Tina Eady

eadyBorn in the Bronx, Tina is one of seven children who used books as an escape. “Reading, you can go into to another space and time,” she says, “and books were a comfort to me. Books are like old friends who come to visit; when they leave, you always remember them fondly." She went to SUC- Fredonia when she graduated high school. "I picked the school farthest away from home and went there." Some years later she realized she loved the challenge of writing, and decided to try her hand at it. She took a few Journalism courses, and currently attends West Los Angeles College to develop her writing ability.


Alcohol

(298 words without title)

"What did he mean ‘a good time’? She tried to remember, but couldn’t."

She woke up with cotton mouth. Walking to the kitchen she was still a little unsteady on her feet. She could feel friction on her insides, still burning from the alcohol.

I’m going to have to stop drinking, she thought.

She took a glass from the cabinet and opened the refrigerator door. The cool air felt good as she poured the water and began to drink.

What happened last night? She was in the bar, the live band was playing the kind of music she could dance to all night, and she did.

The phone rings, “Hi, Terri, I had a good time last night,” he said.

What did he mean “a good time”? She tried to remember, but couldn’t.

“I had a good time, too,” she said.

She didn’t remember his name and was too embarrassed to ask. Did he bring me home last night? she wondered. No, she remembered walking the eight blocks home, wearing just one boot.

“Hey, Terri, do you want to get something to eat later?” he asked.

“Well maybe, I have some work to do, so let’s talk later,” she replied hurriedly.

“Okay, you have my phone number?” he asked.

“Hmm,” she said, trying to remember what she wore.

“It’s in your phone,” he said.

Under what name? she wondered.

“You don’t remember?” he asked.

She felt hot. “Vaguely,” she said.

“We sat outside the club, you couldn’t walk and you wouldn’t let me drive you, so we just sat talking,” he reminded her.

She remembered sitting, slurring some words.

“By the way, my name is Jon,” he said cheerfully.

“Hi, Jon,” she said with a sigh of relief.

Now, if only I could find my other boot, she thought, as she went outside to re-trace her steps.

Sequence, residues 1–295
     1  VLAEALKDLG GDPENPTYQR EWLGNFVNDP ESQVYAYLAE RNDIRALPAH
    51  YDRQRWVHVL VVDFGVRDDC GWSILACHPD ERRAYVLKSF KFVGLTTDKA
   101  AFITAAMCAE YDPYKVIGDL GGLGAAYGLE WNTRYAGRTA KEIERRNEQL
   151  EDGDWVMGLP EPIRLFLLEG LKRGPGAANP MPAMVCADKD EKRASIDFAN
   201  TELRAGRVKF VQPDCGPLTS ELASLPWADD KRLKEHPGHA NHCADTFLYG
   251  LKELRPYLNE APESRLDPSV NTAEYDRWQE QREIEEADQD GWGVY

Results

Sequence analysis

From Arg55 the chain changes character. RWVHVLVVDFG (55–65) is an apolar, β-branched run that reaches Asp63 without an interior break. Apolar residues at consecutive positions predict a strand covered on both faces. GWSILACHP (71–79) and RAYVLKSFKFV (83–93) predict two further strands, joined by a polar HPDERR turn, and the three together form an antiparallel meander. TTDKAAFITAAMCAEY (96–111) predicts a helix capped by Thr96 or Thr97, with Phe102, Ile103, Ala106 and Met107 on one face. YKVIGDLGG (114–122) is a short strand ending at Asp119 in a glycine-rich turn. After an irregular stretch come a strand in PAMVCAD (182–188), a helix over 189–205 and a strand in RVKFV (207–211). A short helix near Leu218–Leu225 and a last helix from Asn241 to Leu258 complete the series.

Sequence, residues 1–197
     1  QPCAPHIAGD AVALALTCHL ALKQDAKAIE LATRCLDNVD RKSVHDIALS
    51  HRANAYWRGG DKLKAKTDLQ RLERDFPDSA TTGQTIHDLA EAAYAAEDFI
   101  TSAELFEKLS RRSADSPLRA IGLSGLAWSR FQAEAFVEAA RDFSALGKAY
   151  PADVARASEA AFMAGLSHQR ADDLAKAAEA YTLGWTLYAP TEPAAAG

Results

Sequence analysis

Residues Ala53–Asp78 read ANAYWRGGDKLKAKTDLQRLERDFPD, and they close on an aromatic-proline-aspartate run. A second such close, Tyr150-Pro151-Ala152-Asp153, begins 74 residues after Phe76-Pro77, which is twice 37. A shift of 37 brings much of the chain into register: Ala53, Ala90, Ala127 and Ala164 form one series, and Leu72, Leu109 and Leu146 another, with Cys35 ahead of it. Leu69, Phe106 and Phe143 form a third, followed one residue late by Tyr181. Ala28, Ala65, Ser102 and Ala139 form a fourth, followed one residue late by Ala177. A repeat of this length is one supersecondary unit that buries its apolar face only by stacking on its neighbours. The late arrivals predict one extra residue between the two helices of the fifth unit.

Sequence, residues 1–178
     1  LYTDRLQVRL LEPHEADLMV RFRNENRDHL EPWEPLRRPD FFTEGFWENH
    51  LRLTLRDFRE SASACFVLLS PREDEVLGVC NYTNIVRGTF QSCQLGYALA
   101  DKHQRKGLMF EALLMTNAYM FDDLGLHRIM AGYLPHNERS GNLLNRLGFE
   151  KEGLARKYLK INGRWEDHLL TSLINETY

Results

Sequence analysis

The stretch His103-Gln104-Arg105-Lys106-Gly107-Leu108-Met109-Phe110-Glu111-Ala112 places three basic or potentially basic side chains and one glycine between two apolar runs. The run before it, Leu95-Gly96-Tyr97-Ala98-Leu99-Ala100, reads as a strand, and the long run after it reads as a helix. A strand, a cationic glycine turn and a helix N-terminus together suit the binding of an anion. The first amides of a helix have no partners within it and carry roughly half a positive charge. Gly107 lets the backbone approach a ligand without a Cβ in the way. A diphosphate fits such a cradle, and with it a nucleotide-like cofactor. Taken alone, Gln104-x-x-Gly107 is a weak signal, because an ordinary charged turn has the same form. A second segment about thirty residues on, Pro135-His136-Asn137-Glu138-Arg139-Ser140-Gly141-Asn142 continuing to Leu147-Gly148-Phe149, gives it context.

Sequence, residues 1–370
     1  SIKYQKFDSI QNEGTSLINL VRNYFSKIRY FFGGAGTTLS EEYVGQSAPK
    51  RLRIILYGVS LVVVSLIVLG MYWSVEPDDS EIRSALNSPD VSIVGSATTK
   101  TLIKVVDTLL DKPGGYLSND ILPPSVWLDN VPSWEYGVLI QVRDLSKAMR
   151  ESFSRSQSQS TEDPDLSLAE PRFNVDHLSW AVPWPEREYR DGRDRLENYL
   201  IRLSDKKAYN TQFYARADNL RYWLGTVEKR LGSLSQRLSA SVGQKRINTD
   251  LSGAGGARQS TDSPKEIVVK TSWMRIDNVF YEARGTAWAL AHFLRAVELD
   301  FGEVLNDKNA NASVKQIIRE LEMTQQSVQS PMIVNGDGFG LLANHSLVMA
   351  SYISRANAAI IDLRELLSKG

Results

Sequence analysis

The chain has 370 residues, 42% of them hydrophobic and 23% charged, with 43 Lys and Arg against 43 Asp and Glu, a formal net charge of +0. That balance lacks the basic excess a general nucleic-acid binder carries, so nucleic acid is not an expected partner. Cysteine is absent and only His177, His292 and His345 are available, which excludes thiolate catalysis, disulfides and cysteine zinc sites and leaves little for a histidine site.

Wrong Place

(295 words without title)

"Staring at him, her brown eyes as wide as nickels against her cinnamon skin."

The high tide crashing on the rocks woke her from a nap. She took a deep relaxing breath and sat up in the bed watching the tide leaving.

Dexter walked up the stairs and peeked in. His face was unshaven and his somber eyes were red.

“I brought you some tea Gina,” placing it on the nightstand.

She sighed deeply; her brown eyes glanced over the room past him. She abruptly got up from the bed and jumped into the shower in as if to shake off a flea. The warm water felt like a blanket wrapping her body in its comfort. She let the water wash over her hair and on her face, something she didn’t normally do. She wished he would leave.

“Do you need anything?”

She appeared in a heavy terry-towel pink bathrobe, the water still dripping from her hair. Staring at him, her brown eyes as wide as nickels against her cinnamon skin.

“Yes, I need you not to have slept with that girl, but you did, didn‘t you?”

He put his head down and in a low voice, thinking to himself, but speaking aloud, “ I don’t know what I was thinking.”

“You were thinking about yourself, and your little penis.”

“It was a mistake. “

“Her husband—”

“—Her husband knocked on my door to tell me that she was pregnant by you! And we’re all working in the shop. I’m working my ass off.”

“I’m so sorry, we’ll get someone else to work in the store and start over.”

“Yes, get someone else to work because I won’t be there.”

He let out a deep breath and ambled, head first, down the stairs. Watching the tide go out from the living room window, he thought, she’ll never take me back.


Editor: LinckeN@WLAC.edu | West Los Angeles College | 9000 Overland Ave, Culver City CA 90230 | www.wlac.edu
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